We understand the time constraints typically involved in a federal or state-funded project. Many sources of funding now allow 2-year project periods (or longer), which of course would be very desirable for a NEMO program. Even so, the compressed time period, and the need to show results, is yet another argument for a pilot approach. Even when it is too early in the life span of a program to have realized substantial long-term impacts to plans and regulations, it is possible to evaluate the success of the program as a pilot, in terms of reaction to the programs and first steps taken by towns. Some of this can be garnered through the type of evaluation form mentioned above, and we have our version of this for those who are interested.
Question 8: What are the minimum computer/GIS coverage requirements do you need to run a successful program?
Data layers that are needed for basic NEMO, including the impervious surface build-out analysis, are detailed in our Technical Paper 4: “Do It Yourself!
Many of the most powerful educational images—that of watersheds and land use, for example, are the most easily acquired. If existing data layers are used and simply manipulated in ArcView™, then a high-end PC is all that’s required.
Question 9: We’re leaning toward a structure where NEMO would be very minimally housed at the state level and educational programming delivered at the regional level. Based on your experience, do you see this as workable?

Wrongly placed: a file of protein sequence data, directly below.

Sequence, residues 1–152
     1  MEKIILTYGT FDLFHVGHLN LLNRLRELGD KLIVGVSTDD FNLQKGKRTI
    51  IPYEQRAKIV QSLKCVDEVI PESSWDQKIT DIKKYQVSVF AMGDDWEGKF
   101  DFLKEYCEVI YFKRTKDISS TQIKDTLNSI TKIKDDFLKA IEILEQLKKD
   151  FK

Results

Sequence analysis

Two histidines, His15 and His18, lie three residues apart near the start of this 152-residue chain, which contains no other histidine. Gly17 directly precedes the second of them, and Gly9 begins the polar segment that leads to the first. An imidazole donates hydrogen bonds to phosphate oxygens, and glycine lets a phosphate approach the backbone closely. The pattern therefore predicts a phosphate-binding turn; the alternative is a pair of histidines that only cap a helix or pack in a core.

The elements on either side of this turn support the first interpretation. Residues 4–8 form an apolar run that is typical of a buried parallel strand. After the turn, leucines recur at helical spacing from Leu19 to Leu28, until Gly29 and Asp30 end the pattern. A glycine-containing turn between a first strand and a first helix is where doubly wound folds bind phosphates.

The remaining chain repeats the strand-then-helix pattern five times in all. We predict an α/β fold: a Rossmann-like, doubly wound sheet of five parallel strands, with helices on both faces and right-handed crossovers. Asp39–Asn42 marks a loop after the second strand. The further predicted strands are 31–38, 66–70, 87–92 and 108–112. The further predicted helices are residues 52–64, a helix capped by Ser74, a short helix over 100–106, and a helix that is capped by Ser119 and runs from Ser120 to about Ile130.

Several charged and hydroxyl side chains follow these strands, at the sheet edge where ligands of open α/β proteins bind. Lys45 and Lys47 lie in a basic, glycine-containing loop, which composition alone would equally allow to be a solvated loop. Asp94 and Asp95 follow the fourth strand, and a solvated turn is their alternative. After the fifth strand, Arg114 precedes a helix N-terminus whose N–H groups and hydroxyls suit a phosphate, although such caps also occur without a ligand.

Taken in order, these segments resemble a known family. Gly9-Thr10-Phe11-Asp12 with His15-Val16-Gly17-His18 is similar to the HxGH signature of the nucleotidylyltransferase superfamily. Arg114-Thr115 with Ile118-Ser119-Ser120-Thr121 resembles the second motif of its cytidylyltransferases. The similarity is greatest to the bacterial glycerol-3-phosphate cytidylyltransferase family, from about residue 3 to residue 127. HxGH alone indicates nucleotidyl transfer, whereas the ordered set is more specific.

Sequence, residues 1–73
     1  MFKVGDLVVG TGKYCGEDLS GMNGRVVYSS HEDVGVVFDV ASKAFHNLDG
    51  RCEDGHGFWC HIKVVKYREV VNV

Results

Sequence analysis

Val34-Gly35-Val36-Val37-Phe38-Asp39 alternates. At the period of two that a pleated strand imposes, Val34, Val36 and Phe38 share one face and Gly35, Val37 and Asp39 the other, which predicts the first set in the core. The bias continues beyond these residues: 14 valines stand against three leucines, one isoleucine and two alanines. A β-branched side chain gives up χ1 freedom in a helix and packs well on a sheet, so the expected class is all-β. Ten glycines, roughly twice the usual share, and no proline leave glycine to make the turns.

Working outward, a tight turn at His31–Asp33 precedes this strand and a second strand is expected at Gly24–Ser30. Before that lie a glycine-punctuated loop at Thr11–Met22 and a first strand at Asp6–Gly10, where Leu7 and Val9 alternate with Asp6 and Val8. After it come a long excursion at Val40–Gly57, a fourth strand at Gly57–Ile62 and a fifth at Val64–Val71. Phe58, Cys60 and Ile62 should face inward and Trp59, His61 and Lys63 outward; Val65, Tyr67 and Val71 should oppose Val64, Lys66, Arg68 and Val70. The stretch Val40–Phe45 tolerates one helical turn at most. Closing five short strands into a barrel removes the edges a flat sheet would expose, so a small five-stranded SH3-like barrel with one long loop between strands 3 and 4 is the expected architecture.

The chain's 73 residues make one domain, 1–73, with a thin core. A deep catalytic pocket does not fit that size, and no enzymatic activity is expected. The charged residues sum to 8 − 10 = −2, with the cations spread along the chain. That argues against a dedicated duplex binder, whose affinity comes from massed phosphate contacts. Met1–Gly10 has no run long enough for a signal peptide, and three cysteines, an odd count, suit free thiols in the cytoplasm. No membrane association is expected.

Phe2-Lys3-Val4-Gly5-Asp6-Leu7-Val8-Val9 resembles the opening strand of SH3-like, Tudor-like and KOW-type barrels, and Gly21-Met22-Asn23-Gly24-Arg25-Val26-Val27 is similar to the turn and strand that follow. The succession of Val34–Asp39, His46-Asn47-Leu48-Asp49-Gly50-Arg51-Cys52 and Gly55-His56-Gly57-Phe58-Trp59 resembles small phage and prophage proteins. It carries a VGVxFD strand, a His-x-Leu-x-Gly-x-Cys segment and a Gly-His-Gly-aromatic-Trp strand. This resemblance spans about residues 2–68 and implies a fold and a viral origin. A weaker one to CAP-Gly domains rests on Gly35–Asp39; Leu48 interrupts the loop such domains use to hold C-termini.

In a word, yes. The main thing you need is an educator who is good on their feet and has a real feel for land use decision making in your state. This person is probably better off housed in the region where he or she is working, rather than “up at the state office.” As noted in National Fact Sheet 1, you must carefully consider which agency will house the person actually delivering the educational program—the “messenger is as important as the message” issue, as we call it. In other words, the NEMO message may be more warmly received if it’s coming from an organization that is perceived as having no axe to grind or hidden agendas.
Question 10: We are interested in developing pilot projects in coastal and lake watersheds. Have any other states developed modules for NEMO that address coastal or lake issues?
Both the Maine and Massachusetts NEMO programs developed a Lakes module for their states. In fact, the creation of this module was the result of collaboration between these two states, a particular victory for the concept of the Network and the efficiency of being greater than the sum of our parts. CT NEMO, in collaboration with the CT Sea Grant Program, the Nature Conservancy, and the CT Department of Environmental Protection, developed a coastal module called Focus on the Coast, which addresses the unique issues decision makers face in coastal communities.